The Dallas Movie Screening Group

This is the homepage of the Dallas Movie Screening Group. To join our mailing list you must sign up at our group page on Yahoo. You will then be connected to receive notices on how to find passes to the local screenings in the DFW area. It's up to you to pickup or sign up for passes. You can also barter, trade or just giveaway passes you don't want, need or share with other members of the group. Please read the instructions on the Yahoo page very carefully before posting. This group is closely moderated so that your mail box is not full of spam or other unnecessary mail. We appreciate everyone's consideration and cooperation.

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Thursday, December 1, 2016

Man Down

Shia LaBeouf has to work hard to dispel his real life foibles that often distract from the great performances he delivers such as American Honey (although that film was in itself disappointing). La Beouf embodies the character of Gabriel Drummer with an edgy intensity as a Marine who experienced a traumatizing incident in Afghanistan. Directed by Dito Montiel and written by Adam G. Simon, the films’ good intentions become a muddled and a confusing mess. It was screened at the 2015 Toronto International Film Festival and the 72nd Venice International Film Festival.

Drummer joined the Marines with his best friend Devin Roberts (Jai Courtney). Their training and deployment is told in a series of flashbacks while what seems like the present-day Drummer wandering around a post-apocalyptic world searching for this son. He and his wife Natalie (Kate Mara) are happy and proud of their young son John (Charlie Shotwell). They seem like the perfect couple while dealing with him being sent off to war. Then more flashbacks are introduced with Drummer speaking with Captain Peyton (Gary Oldman) a counselor with the Marines who has to access Drummer over an incident which involved the death of the men in his troop. The confident and patriotic young Marine seems to be fraying at the seams at this point and his mention of suicide raises flags with Peyton. A bottle of pills seems to be the counselor’s solution before he’s shipped back home. More flashbacks occur as Drummer painfully recalls what happened in the firefight.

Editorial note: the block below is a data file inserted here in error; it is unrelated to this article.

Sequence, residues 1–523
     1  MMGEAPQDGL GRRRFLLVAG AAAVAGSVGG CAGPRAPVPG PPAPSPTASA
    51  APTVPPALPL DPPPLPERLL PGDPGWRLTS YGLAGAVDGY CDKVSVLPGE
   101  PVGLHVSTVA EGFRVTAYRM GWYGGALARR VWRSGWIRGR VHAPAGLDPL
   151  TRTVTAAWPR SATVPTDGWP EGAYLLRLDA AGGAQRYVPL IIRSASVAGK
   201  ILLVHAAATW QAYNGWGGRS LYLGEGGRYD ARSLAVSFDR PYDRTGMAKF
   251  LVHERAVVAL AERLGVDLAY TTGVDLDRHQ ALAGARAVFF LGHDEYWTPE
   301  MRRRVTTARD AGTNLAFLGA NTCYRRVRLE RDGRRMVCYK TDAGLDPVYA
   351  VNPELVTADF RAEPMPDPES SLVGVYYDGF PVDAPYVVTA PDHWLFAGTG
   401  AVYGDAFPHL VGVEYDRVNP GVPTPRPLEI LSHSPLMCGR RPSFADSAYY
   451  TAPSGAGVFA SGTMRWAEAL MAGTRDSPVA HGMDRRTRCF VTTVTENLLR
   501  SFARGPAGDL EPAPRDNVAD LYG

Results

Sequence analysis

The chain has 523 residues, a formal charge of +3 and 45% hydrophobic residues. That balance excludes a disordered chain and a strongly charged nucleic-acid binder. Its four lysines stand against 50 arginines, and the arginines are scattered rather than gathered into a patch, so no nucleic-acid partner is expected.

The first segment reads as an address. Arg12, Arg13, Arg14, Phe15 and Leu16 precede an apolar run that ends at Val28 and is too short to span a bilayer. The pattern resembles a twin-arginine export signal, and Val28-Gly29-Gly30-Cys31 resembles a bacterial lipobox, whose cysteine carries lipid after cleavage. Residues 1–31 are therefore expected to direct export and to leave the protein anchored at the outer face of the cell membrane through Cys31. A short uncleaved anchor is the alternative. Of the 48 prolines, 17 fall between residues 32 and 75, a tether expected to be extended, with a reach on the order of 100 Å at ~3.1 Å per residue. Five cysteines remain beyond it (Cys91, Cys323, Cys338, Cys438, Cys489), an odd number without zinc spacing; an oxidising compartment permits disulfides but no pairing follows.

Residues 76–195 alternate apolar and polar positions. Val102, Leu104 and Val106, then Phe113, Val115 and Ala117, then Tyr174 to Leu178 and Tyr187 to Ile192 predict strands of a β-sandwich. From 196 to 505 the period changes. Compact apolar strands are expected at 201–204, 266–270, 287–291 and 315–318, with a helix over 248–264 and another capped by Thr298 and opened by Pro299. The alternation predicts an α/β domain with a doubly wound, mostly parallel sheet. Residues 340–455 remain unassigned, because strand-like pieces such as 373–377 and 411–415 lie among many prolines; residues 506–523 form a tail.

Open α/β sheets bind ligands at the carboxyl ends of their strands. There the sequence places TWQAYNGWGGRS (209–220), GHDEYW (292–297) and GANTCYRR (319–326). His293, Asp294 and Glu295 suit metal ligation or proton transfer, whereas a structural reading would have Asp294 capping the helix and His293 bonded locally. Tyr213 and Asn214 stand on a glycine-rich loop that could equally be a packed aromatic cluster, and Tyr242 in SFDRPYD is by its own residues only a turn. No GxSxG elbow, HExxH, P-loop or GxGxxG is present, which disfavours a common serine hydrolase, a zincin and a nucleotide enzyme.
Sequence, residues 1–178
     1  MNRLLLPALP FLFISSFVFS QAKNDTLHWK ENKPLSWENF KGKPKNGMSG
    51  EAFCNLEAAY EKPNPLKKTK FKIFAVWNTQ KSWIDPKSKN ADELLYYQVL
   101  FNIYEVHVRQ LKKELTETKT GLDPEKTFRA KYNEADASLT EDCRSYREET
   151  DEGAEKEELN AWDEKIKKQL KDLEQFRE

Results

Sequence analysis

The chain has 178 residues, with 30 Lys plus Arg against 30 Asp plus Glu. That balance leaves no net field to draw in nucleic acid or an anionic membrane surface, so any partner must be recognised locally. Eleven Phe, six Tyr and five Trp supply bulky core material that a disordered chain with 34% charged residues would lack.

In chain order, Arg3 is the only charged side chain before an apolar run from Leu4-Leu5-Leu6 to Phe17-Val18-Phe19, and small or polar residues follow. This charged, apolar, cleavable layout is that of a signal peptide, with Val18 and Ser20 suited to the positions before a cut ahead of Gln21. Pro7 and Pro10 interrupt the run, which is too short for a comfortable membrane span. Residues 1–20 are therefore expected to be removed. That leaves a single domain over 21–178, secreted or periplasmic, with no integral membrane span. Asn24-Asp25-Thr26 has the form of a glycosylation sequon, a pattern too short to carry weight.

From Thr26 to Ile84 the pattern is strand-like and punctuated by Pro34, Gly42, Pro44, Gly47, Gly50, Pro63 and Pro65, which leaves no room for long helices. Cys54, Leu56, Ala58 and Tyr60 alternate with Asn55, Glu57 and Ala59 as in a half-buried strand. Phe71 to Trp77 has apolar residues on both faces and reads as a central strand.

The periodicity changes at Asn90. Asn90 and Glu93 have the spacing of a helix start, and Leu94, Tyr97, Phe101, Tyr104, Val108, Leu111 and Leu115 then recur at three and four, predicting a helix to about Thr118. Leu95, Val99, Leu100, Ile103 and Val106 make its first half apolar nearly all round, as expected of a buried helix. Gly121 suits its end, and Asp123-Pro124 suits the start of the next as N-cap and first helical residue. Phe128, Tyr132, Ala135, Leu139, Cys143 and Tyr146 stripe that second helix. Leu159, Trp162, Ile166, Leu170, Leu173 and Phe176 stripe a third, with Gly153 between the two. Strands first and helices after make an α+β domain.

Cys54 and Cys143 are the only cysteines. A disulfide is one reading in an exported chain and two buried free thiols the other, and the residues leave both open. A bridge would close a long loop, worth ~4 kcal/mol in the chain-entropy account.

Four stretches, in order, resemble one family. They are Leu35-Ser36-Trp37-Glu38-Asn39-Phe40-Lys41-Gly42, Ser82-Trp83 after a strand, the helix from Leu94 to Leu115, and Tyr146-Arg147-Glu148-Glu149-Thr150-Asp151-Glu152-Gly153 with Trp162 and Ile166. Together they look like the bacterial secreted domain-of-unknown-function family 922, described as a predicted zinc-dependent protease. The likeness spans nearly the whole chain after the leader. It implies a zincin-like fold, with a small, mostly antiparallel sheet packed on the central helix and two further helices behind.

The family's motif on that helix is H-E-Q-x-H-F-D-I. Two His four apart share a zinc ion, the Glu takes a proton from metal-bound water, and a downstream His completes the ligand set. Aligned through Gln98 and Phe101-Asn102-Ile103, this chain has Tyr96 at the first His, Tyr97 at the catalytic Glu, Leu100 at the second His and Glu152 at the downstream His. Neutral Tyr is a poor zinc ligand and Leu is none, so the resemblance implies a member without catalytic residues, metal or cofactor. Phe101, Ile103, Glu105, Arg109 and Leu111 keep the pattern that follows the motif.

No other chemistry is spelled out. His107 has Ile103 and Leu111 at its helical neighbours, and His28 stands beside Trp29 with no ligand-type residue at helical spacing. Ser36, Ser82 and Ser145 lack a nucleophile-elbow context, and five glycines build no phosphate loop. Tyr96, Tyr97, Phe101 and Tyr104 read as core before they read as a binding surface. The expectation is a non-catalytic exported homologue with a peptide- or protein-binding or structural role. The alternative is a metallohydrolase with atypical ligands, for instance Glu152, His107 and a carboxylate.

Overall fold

It’s always important to shine a light on the problem of PTSD’s that affect the men and women returning home from their service in the war. Unfortunately, this film bounces back and forth confusing the most patient viewer. Also the color of the film is shot in a brownish pallet that doesn’t help clarify one flashback from another. La Beouf despite mumbling his dialogue, effectively portrays the fear and self loathing of what happened. The only thread of sanity that he hangs on to is the letter he writes to his son. Eventually it all makes sense in the end, but by then one just wants to leave the theater to get some real light and relief.
(Review by reesa)

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